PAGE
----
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Christine Lagarde in Lima
Image: picture-alliance/AP Photo/R. Abd

'Fried, grilled, roasted and toasted'

October 8, 2015

IMF chief Christine Lagarde has warned of dire consequences if we fail to take action on climate change. She also advocated introducing a carbon tax to generate more funds to sponsor poorer countries' climate goals.


"If we collectively chicken out of this we'll all turn into chickens and we'll all be fried, grilled, toasted and roasted," International Monetary Fund (IMF) chief Christine Lagarde said, talking to officials at the IMF and the World Bank's annual meeting in Lima, Peru.

As a solution, Lagarde suggested that taxing carbon emissions would be one way of raising funds to sponsor poorer countries' efforts to tackle global warming. "It is just the right moment to introduce carbon taxes," she said, adding that this could also help governments boost revenues at a time when most countries had little in the manner of "fiscal buffers" to tide them over during a bad financial phase.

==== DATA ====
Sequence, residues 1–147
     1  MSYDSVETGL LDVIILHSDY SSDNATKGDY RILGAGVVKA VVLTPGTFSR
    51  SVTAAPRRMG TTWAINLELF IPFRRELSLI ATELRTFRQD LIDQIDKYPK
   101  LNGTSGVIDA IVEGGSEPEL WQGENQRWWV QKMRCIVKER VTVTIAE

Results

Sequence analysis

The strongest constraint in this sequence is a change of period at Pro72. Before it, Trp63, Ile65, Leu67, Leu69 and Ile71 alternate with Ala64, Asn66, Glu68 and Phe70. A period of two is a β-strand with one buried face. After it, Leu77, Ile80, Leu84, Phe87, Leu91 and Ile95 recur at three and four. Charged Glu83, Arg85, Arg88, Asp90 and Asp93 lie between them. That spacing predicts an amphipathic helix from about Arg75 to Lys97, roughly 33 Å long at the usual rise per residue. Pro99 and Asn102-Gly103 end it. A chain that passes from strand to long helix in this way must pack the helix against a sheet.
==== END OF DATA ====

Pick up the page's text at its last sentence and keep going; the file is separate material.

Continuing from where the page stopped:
Revenues from carbon taxes could contribute to rich nations' funding target of $100 billion (89 billion euros) a year by 2020 to help poorer nations fight the impact of climate change, the IMF head explained. According to the Organization for Economic Cooperation and Development's (OECD) latest report, the world was still $38 billion short of that target last year.

A case against energy subsidies

World Bank President Jim Yong Kim's suggestions to reduce global warming included eliminating energy subsidies, which would cost $5.3 trillion globally in 2015.

"We have been trying to help countries remove fuel subsidies," Kim said, adding that this could mean a rise in fuel prices. "Politicians don't like it when taxi drivers and truck drivers block the streets," he said.

But would the shift from fossil fuels to clean energy be possible? According to the UN's climate talks executive secretary Christiana Figueres, 146 countries had submitted their pledges to reduce emissions before the climate discussions in Paris this December, but these were not enough to bring down the levels of greenhouse gases. However, closing the gap was "entirely doable," she said.

mg/msh (AP, AFP)

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